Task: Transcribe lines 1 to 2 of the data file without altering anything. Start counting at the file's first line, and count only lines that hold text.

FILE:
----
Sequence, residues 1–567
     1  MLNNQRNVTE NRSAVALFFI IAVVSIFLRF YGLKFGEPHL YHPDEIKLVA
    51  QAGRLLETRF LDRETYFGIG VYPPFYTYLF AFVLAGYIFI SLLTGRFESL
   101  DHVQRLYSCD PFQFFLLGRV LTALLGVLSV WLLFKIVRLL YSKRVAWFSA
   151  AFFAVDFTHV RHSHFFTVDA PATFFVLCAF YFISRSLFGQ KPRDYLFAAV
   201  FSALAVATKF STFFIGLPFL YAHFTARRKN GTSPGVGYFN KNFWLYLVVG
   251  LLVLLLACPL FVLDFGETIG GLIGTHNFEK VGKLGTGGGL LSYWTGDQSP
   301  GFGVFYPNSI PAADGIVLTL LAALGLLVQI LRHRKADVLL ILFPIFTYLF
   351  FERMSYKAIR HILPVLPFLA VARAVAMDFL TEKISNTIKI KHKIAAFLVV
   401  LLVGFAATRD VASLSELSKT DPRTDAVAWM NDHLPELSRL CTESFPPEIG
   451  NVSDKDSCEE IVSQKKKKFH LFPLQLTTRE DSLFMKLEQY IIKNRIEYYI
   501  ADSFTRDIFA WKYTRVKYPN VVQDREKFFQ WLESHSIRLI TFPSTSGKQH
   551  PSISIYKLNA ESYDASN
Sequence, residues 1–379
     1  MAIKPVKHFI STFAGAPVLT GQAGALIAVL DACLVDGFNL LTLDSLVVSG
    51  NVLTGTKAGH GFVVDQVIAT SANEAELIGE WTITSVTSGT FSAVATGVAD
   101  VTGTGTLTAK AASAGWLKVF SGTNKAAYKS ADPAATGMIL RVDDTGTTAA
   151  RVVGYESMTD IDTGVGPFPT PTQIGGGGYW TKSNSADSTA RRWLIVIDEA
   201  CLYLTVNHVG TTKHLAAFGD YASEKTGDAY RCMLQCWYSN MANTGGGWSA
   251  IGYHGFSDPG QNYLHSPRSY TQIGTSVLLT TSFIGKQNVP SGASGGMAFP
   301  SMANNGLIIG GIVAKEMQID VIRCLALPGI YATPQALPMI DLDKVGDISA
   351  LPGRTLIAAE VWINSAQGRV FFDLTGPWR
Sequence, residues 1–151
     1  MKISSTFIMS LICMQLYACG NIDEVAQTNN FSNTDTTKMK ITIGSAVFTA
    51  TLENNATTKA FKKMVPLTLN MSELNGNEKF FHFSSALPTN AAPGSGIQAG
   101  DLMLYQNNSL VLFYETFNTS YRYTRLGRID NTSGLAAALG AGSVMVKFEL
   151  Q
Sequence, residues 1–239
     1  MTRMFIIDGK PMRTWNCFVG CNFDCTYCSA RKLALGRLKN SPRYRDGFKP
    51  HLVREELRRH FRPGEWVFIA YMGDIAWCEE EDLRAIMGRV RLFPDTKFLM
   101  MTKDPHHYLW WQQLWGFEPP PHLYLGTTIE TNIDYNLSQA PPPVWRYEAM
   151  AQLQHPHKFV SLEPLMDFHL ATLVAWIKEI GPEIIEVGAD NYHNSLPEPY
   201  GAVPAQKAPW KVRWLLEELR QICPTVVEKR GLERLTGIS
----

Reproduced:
Sequence, residues 1–567
     1  MLNNQRNVTE NRSAVALFFI IAVVSIFLRF YGLKFGEPHL YHPDEIKLVA